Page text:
Everyone prefers a different study method. I like to print out my study materials and make notes on the pages. There are four main categories of topics in the list I mentioned, so I made a study guide for each category. To fill each study guide, I went in to the knowledge base and searched each topic, then I copy and pasted all the whitepapers, resources, and other materials into a Word document that I cleaned up to make my study guides. Some bloggers suggest watching videos and studying the implementation guide, which are also good ideas.
Below are some of the more important topics the exam focuses on.
Written Section: Know the Products String!
I can’t stress enough that you need to know the SiteCatalyst products variable and all of its syntaxes. The majority of written questions were based on the products string, and almost all of them asked you to omit the category in the string.
There were also a good amount of multiple choice questions about product variable syntaxes. One question provided five versions of a product string with a different syntax and value in each, then asked which two of the five strings were syntactically correct.
The exam will also ask you to do simpler tasks, like properly define a traffic variable with an event. This was one question that wasn’t worded clearly, so make sure to look out for buzzwords to avoid confusion. For example, a question might ask: Someone wants to know what city people are from that go to this page, and this data should be correlated with geo-region. Also, an event should be launched on this page. In this example, “this page” and “correlated” refer to s.props, so keep that in mind whenever you see those keywords.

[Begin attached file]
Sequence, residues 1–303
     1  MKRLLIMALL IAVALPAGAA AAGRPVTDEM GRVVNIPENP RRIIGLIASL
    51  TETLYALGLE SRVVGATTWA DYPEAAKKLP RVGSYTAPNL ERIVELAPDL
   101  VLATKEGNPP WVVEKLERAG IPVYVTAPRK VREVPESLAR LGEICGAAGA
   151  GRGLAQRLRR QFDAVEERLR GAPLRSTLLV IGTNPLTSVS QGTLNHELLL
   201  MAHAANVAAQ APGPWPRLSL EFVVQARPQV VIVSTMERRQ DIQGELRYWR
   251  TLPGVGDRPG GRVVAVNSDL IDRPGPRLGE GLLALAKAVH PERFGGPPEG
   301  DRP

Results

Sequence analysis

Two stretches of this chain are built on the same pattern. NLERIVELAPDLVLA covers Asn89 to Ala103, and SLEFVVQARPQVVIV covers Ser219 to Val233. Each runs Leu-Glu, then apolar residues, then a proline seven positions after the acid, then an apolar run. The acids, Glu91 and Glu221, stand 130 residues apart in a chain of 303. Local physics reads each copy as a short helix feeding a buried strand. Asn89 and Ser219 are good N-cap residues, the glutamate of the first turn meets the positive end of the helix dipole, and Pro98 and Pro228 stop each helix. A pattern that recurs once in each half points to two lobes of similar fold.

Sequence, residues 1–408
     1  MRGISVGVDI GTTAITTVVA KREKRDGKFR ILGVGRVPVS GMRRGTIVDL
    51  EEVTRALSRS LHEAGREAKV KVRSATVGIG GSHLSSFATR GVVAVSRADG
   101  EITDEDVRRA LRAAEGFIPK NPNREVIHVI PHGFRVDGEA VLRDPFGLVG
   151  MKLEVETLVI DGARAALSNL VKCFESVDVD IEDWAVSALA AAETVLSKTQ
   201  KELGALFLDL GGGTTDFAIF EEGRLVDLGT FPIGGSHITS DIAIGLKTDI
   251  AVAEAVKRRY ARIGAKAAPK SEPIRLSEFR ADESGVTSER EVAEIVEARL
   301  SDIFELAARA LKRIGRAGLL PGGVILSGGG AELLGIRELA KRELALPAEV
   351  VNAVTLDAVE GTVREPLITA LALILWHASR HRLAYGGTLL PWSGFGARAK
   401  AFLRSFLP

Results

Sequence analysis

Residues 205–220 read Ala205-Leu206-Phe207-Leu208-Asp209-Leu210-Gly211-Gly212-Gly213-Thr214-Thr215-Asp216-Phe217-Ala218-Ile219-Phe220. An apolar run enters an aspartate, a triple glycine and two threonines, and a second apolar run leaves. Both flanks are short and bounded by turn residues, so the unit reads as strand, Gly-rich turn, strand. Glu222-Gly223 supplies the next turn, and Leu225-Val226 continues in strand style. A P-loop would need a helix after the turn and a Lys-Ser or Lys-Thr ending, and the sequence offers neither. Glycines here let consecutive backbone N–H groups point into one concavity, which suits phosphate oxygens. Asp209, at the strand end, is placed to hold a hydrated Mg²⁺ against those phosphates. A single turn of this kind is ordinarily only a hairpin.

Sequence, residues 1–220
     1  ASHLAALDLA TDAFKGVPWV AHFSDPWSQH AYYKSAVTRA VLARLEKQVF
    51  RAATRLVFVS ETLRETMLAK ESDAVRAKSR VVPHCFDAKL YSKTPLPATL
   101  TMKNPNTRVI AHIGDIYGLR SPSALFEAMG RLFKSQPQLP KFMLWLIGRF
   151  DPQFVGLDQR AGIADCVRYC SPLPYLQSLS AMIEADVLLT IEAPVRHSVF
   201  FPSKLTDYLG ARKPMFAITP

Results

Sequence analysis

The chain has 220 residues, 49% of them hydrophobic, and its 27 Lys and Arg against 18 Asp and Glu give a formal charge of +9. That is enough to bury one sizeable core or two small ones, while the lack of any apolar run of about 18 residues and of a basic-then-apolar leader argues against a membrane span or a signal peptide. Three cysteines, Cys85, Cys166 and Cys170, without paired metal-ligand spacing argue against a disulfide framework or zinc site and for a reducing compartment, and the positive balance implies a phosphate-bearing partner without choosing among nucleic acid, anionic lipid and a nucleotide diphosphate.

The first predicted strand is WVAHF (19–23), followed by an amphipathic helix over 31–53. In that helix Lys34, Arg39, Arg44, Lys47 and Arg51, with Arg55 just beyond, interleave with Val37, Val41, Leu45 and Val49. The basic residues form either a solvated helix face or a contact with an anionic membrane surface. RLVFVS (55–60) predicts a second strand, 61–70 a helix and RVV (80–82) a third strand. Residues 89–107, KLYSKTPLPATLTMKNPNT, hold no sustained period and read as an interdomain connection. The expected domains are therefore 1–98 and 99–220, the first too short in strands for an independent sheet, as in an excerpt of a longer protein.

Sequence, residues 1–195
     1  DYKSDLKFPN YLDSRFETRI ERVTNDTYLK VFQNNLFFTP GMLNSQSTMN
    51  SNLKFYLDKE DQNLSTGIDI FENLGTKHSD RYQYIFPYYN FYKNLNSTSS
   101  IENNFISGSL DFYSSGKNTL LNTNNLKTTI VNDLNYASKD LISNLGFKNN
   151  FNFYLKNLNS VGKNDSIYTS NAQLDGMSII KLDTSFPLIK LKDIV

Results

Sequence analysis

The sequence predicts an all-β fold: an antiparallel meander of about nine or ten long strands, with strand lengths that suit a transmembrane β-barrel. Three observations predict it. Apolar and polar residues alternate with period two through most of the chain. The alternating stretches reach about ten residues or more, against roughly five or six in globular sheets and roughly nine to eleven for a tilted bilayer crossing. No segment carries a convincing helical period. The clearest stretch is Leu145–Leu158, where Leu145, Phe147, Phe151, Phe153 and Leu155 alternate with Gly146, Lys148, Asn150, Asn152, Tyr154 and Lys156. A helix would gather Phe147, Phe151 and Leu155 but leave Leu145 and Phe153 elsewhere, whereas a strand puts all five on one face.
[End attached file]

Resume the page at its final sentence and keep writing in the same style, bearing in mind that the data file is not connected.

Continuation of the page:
Multiple Choice: Know the Details!
The multiple choice questions cover a variety of topics. Keep these 14 tips in mind:
The most important advice I can give to help you pass the ACE SiteCatalyst Implementation Exam is study the details. You may be able to define all the major variables, but make sure you can distinguish traffic variables from conversion variables, and know their character limits. The multiple choice questions will test your knowledge of all the topics, so remember: DETAILS, DETAILS, DETAILS! Make that your mantra. Good luck!
Are you an Certified SiteCatalyst Implementation Expert? Tell us how you prepared for the test by leaving your tips in the comments.
For any online or offline company, collecting the opinions of customers is crucial to understanding which aspects of business work well and which need improvement. Online surveying has become quite popular for e-commerce, content-based, and conversion-driven sites. Most surveys are in the form of a pop up window upon entrance to or exit from a site or a questionnaire sent via e-mail and both methods are proven effective for gathering data.
There are several different types of surveys a company can implement on their site: